Well, I can't say this is a genuine reset, but definately a rebuild. My main focus is on the Oregon 100 (aka Hundred in the Hood) as my A-priority race in late September. At the moment, I'm rebuilding my base after a bout of being ill with some kind of flu bug that really messed me up. I'm still HR training, but found some defects that I think I've remedied, so hopefully things will get even better as the weeks progress. Anyway, here's the first week of training I've done...
March 3rd - 2 Miles on the treadmill, first mile as a warm-up. You can tell I was trying to get back into the swing of things and not very well.
March 4th - 4 Miles easy, outdoor run. This was the start of when I figured that something was up with my Suunto T6. Rainy day run, but I felt really good.
March 5th - Ran 6+ miles with the group. Had about a 20 minute head start to finish with them in the end. I thought I was doing okay until after I got the HR data. More indication that something was up.
March 7th - First long run day. 14 miles of hell. My body was cooperating at first, but the HRM wasn't after about 6 miles in, giving seriously erratic readings. I eventually went old school, running about every quarter-mile and checking my pulse on my neck to stay within my HR zone. This was also the longest run I had done in a VERY long time. I realized that you need to run long frequently to be able to maintain your form and endurance level. This includes teaching your muscles to retain glycogen more efficiently while burning fat and teaching your endocrine system to not rebel against your own body.
The 7th was also the day where I had to effectively "break" my Suunto T6 in order to get the battery out of the back. Whomever designed this thing was on crack. I used a Dremel to wear down the plastic slot and fashioned a hole that would fit a regular flathead screwdriver and was able to open it easily without breaking the rubber O-ring seal. After replacing the battery, I filled the newly created screwdriver hole and slot area with glue from my glue gun and smoothed out the area. It is still retaining its water-proof design and now I can replace the batteries quickly without any headaches.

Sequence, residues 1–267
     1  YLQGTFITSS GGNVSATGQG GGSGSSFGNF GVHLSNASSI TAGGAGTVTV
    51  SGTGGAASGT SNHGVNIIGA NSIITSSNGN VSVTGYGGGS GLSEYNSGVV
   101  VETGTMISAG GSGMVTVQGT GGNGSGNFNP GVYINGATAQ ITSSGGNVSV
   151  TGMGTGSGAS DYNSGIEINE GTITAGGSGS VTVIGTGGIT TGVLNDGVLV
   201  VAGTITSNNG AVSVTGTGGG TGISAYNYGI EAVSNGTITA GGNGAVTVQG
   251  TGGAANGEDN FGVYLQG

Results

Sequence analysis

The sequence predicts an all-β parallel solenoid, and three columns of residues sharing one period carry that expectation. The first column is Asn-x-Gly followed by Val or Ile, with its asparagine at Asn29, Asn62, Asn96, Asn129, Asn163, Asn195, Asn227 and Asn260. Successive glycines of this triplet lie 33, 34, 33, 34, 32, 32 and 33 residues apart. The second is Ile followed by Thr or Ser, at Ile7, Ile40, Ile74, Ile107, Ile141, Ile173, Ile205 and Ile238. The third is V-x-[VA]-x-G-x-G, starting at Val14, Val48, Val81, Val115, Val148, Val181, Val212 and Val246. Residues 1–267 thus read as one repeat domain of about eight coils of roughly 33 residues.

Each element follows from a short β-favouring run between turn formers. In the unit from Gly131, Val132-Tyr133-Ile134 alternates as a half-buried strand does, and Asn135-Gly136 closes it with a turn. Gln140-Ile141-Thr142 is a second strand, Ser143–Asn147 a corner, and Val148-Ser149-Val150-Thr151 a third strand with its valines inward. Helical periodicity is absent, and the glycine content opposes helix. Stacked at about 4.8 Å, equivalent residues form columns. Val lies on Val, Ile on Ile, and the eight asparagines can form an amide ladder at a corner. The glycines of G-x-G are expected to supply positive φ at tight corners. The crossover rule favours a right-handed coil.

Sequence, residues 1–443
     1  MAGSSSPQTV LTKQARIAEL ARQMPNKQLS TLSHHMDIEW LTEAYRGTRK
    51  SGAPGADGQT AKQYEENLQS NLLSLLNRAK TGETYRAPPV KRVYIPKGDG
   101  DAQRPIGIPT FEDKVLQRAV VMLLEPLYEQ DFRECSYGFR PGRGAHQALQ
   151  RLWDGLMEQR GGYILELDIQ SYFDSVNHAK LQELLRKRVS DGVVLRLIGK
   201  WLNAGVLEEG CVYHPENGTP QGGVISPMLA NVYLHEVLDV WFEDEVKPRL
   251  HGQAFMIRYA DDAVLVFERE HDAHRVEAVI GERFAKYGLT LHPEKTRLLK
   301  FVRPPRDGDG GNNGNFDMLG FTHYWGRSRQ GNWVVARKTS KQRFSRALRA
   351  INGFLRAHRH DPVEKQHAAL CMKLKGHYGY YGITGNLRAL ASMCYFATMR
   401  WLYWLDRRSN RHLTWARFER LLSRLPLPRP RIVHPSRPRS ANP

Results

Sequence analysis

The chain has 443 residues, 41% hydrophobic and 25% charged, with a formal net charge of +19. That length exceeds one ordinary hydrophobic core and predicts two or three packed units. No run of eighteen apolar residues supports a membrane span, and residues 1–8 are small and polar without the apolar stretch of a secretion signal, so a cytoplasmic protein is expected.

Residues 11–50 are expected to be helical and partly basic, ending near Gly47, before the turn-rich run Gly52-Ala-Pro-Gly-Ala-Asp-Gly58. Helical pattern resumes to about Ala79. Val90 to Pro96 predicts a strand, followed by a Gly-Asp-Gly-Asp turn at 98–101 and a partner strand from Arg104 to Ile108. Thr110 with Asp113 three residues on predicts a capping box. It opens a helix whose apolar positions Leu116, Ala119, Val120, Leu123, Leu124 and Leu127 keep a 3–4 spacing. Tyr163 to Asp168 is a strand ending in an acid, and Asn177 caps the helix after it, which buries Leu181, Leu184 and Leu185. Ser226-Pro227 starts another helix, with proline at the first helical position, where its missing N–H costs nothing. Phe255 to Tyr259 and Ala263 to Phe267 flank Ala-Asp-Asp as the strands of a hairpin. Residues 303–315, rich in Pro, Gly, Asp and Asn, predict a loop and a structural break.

March 8th - My legs and body were really tired from the previous day, but I knew I had to do something to get those 8 miles in. Time on your feet is extremely important, so I opted to take the dog out for an 8 mile walk. This was the only time where my HR stayed in the fat-burning aerobic zone this week. But I'm glad I did that purposeful walking. My HRM didn't go crazy and I was very efficient in my walking, even with the dog. This is a good thing during the 100 miler since EVERYONE WALKS, but those that walk with purpose versus just doing the death march have a better chance of finishing.
Total miles this week (including the miles from the calibration of my device on Monday at the track): ~36 miles! (Right now, I'm REALLY enjoying my rest day today!)
Next week's projected mileage: ~42 miles. The weekend back-to-back long runs are going to be on the Mt Si Ultra course from Tanner Rd to Rattlesnake Lake and Cedar Falls (16 miles on Saturday) and then from Rattlesnake Lake to Cedar Falls (8 miles on Sunday). These two runs will essentially replicate the "hardest" parts of the Mt Si Ultra course. The last time I trained on the course like this a year ago, I had stopped at Rattlesnake Lake. This was a bad move since I could have sucked it up and kept going instead of dropping out @ Rattlesnake since I had it in my head that the final 4-5 miles to the turnaround aid-station was too far for me to do. Doing these two runs should psych me up a bit more. Familiarity can make things easier on the mind and in these events, it is more mind over body.